• The need for the player to relate to the action on screen is essential to continue the enjoyment of the experience, and have them come back for more. Atari's 1976 Night Driver bridged two fundamentally important requirements. The game offered a First Person Perspective driving game, (though hindered by the restrictions of graphics of the period), with simulation style controls. In later years, the need for better graphics led Atari to develop the first arcade game to use polygons (the 3D objects crucial to all 3D games developed) creating the 1983 game I,Robot. Finally these components of 3D graphics, first person perspective, and the first Force Feedback steering wheel led to the launch of Hard Drivin', in 1989. The game is the Grand daddy of every 3D racing game right up to the revolutionary Racing Jam by Konami. What Hard Drivin' created was a direct racing and driving simulation which paved the way for this genre to be more than just flat 2 dimensional entertainment personified by Namco's Pole Position. The games bequest is even more important when it is known that the same pysical model used in that game is installed in the current mega-hit, by Atari, San Fracisco RUSH.

    Graphical Representation

  • The road towards 3D graphics has proven a rocky one. The development of sprites, and their animation saw many advances by Atari, the ability for the player to move beyond the restrictions of the size of their displayed was the result of side scrolling, the first game to employ this being Atari's Sky Raider in 1978. But sprites are limited in the detail and realism that they represent, for some time Atari had developed Vector graphic experiences which pulled the player into the game. As with Night Driver, BattleZone offered the first true graphical simulation of a environment in a video game, but had the power of graphics to make this environment one that could be navigated. The tank combat game redefined the stage for combat scenarios, and when followed with the first flight simulator arcade game, Red Baron the genera was established. Games such as Namco's AirCombat 22, and Sega's Sky Target, but more recently Desert Tank and Tokyo War hark back to BattleZone in their implementation.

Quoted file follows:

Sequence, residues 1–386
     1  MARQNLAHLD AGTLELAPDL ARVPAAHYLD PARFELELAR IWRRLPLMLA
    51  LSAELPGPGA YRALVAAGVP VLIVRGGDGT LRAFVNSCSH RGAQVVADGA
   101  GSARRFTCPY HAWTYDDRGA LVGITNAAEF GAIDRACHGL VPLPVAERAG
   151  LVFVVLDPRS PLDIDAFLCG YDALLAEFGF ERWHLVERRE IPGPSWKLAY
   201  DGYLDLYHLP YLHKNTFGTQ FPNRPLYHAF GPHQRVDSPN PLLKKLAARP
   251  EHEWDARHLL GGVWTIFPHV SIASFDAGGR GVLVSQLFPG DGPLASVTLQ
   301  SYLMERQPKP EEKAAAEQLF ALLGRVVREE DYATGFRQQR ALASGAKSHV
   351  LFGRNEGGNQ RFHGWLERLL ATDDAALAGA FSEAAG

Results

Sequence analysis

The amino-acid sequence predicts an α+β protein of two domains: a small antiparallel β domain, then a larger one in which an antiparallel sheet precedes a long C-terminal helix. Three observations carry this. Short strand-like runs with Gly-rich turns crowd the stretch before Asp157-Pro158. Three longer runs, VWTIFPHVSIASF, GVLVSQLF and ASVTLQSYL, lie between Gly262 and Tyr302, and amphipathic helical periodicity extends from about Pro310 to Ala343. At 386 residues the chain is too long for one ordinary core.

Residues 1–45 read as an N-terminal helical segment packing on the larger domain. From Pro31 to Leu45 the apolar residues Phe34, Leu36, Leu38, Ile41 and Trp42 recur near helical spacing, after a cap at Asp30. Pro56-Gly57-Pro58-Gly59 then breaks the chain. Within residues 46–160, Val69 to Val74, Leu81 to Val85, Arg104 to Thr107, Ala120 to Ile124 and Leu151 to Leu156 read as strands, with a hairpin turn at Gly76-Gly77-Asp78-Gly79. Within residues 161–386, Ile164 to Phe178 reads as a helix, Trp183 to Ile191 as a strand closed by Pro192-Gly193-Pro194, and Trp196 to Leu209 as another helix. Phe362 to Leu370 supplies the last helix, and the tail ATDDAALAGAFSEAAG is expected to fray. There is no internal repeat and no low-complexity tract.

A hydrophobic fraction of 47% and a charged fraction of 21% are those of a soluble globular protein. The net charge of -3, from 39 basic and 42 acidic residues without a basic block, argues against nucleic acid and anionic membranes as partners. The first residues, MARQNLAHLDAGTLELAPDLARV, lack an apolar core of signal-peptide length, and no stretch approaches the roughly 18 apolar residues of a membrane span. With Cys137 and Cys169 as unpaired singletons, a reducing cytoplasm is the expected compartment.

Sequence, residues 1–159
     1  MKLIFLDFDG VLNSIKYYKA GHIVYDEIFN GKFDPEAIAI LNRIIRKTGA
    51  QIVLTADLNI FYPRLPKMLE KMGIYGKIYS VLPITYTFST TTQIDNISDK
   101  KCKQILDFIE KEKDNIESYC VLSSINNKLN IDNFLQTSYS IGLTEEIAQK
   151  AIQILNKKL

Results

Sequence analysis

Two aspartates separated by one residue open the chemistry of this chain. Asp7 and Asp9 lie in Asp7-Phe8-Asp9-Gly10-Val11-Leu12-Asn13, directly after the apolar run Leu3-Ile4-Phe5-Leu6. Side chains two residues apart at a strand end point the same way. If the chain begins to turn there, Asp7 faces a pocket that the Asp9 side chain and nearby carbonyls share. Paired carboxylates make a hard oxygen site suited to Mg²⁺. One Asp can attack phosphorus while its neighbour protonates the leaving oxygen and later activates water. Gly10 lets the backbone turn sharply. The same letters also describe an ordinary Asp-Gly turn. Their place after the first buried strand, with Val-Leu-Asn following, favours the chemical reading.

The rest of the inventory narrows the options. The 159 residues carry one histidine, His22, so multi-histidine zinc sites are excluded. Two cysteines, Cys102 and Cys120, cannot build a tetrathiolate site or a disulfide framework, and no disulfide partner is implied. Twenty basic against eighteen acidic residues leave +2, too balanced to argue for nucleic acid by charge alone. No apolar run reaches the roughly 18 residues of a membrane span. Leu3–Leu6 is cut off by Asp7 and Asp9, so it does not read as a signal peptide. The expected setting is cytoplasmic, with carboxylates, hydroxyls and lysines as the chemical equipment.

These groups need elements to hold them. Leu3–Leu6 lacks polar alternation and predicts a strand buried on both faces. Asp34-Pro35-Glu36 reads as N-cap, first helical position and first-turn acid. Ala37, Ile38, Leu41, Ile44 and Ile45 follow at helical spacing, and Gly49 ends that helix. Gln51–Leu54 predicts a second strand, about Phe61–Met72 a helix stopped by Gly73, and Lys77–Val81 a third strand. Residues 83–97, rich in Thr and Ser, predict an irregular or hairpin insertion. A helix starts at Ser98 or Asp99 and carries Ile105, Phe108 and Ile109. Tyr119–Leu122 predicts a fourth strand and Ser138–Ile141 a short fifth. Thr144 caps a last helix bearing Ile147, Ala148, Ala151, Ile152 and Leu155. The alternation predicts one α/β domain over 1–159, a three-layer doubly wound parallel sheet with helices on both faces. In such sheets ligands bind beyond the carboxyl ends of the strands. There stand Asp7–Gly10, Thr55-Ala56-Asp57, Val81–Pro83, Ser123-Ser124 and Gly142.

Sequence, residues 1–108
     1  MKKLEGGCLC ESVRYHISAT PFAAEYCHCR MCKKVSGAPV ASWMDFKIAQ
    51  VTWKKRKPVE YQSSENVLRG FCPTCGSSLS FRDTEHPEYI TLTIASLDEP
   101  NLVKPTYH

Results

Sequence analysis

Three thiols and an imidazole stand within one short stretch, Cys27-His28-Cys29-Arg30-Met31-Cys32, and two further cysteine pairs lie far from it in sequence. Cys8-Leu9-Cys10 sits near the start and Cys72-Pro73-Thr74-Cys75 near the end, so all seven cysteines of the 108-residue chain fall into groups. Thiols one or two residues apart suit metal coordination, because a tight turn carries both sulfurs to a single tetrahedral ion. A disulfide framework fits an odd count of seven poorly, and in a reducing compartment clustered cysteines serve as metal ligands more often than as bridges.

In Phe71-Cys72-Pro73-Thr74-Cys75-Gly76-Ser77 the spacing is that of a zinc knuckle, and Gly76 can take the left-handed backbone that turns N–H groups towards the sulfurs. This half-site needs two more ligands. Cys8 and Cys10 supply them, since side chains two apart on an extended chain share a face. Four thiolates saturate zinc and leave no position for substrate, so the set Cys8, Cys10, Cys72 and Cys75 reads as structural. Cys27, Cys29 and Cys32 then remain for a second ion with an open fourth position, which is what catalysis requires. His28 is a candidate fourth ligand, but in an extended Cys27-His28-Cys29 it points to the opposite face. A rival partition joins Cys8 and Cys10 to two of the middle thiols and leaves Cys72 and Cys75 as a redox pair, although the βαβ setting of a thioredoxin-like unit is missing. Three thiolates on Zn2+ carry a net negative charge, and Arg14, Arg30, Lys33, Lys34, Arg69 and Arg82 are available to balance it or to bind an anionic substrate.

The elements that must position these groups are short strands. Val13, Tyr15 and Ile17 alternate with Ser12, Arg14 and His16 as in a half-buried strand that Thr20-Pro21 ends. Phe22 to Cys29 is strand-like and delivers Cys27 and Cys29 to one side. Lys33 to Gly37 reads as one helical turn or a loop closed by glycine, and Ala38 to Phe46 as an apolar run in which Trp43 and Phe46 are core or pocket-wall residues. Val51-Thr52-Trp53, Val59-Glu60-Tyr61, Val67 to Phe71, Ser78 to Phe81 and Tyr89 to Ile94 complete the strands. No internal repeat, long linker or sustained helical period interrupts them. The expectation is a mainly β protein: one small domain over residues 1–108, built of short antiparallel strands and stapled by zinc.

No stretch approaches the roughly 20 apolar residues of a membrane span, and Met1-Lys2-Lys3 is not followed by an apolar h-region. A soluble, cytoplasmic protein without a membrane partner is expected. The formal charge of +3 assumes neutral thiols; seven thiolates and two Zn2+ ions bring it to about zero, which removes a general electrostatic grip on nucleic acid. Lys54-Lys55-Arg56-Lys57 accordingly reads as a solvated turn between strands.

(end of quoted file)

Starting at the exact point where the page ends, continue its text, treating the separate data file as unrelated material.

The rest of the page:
• As a wise Chinese philosopher once observed, "A man who forgets his past will be cursed to constantly repeat it". But sadly it is not seen as being important, by the current manufactures of video games, to evaluate past products for future merit. The re-releasing of the same genre style product with only the improvement of graphic quality seems important, and it took the re-vitalised Atari, (under the financial wing of WMS) to create the most impressive driving game of recent times, borrowing heavily from Hard Drivin's proven features.

  • With the popularity of 'Retro' games, many of these mentioned past successes from Atari's library's are receiving a new lease of life. It can only be hoped that for the first time in many years the lesson will be learned and these advancements improved upon in future products from all the manufactures.

    Copyright 1997 by Kevin Williams.

    Authorized for publication on AGH, this article may not be posted to other web-sites or printed without express permission of the author.